Myth #3: Polyamory is a way to avoid commitment Research by Amy Moors, a graduate student at the University of Michigan, finds that people whose relationship style involves little emotional entanglement often say they'd love a polyamorous relationship, thinking that they could have the benefits of coupledom without too much attachment. Joining a polyamorous relationship and thinking it's going to be a commitment-free breeze would likely be a huge mistake.For one thing, plenty of polyamorous relationships are very serious and stable — Holmes says he's interviewed people who've been legally married for 40 years and in a relationship with a second partner for 20.And satisfaction with an outside partner didn't hurt the primary relationship.[6 Scientific Tips for a Successful Marriage] "Polyamorous relationships are relatively independent of one another," Mitchell said in January at the annual meeting of the Society for Personality and Social Psychology in New Orleans.Secondly, successful polyamorous partners communicate relentlessly, Holmes said: "They communicate to death." It's the only way to ensure that everyone's needs are met and no one is feeling jealous or left out in a relationship that involves many people.Myth #4: Polyamory is exhausting The monogamists in the crowd may be shaking their heads.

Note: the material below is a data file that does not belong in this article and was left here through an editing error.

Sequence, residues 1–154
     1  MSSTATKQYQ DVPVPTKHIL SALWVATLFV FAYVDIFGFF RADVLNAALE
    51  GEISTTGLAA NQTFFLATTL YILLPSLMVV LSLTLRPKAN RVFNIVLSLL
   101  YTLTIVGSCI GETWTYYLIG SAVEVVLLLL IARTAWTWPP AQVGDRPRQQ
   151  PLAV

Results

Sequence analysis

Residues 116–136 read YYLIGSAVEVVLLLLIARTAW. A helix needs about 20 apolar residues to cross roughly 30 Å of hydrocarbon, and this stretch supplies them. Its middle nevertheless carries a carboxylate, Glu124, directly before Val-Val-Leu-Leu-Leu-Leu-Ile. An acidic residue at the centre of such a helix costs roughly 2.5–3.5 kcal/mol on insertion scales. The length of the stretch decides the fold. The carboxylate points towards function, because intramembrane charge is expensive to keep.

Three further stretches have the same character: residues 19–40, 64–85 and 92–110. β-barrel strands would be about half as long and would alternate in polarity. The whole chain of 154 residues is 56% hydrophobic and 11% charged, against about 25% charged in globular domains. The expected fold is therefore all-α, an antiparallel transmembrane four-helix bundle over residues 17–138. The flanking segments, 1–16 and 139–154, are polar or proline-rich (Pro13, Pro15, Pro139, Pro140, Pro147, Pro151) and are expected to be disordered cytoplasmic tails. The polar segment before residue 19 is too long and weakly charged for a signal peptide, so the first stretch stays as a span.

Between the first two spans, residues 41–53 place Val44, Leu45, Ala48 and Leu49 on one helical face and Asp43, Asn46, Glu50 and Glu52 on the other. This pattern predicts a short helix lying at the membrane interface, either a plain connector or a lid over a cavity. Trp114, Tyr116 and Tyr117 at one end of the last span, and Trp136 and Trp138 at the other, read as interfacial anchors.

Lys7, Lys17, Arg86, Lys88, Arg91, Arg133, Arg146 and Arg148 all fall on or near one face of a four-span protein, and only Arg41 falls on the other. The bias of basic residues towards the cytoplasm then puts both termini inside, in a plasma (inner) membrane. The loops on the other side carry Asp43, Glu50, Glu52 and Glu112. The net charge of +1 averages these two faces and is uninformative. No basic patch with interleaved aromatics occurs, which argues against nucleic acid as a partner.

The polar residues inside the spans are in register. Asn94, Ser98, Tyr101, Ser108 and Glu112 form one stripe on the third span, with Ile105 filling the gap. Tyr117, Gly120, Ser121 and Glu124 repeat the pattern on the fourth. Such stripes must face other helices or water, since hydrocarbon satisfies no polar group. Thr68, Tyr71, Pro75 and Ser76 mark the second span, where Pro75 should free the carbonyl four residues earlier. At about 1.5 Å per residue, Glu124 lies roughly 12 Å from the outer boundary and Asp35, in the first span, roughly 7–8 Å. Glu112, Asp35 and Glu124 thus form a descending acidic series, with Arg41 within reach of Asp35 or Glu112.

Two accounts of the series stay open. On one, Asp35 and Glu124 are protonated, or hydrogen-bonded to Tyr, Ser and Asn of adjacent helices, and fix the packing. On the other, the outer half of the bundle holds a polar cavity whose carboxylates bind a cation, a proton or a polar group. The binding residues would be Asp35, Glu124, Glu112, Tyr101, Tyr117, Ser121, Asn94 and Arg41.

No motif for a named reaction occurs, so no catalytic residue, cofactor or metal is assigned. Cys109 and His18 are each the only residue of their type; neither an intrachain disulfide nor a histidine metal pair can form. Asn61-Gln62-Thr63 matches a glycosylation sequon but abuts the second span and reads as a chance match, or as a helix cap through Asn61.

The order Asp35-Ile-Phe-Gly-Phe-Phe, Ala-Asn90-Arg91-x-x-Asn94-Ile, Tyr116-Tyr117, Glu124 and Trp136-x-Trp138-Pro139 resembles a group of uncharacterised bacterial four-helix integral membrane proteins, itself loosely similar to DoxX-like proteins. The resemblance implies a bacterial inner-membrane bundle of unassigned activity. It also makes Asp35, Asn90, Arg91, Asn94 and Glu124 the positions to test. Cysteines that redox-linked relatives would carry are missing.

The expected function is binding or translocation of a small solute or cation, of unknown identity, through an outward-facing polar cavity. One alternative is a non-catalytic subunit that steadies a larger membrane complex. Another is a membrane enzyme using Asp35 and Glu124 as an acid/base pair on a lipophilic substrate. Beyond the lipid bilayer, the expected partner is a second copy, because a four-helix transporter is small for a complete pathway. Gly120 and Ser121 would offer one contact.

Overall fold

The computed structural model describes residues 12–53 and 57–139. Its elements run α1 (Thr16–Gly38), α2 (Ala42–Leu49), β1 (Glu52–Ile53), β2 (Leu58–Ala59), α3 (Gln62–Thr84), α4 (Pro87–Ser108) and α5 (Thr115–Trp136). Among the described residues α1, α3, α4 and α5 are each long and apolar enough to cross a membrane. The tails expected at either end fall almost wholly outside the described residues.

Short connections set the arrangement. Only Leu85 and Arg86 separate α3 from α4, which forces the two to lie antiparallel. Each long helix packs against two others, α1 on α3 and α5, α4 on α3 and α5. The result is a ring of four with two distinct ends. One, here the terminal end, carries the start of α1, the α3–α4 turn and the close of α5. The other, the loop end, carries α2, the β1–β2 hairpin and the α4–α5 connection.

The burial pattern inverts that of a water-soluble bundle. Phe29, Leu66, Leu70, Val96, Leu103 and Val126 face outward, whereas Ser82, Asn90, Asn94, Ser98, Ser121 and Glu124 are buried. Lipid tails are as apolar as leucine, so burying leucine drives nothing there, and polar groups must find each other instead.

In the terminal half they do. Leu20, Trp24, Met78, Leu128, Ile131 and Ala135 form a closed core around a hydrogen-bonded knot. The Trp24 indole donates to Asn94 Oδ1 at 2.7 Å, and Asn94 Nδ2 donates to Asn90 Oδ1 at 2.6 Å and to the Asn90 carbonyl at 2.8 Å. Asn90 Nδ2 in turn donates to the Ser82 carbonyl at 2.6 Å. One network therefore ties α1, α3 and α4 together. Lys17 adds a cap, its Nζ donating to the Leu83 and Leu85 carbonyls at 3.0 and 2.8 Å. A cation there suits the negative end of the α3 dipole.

"What I've come across most is actually configurations of two males and a female living together," Holmes said.
Isn't all that communication and negotiation exhausting?
It's true that polyamorous relationships take lots of time, said Elizabeth Sheff, a legal consultant and former Georgia State University professor who is writing a book on polyamorous families.
and others forming stable bonds among three, four or five partners simultaneously.
The latter is a version of polyamory, relationships in which people have multiple partnerships at once with the full knowledge of all involved.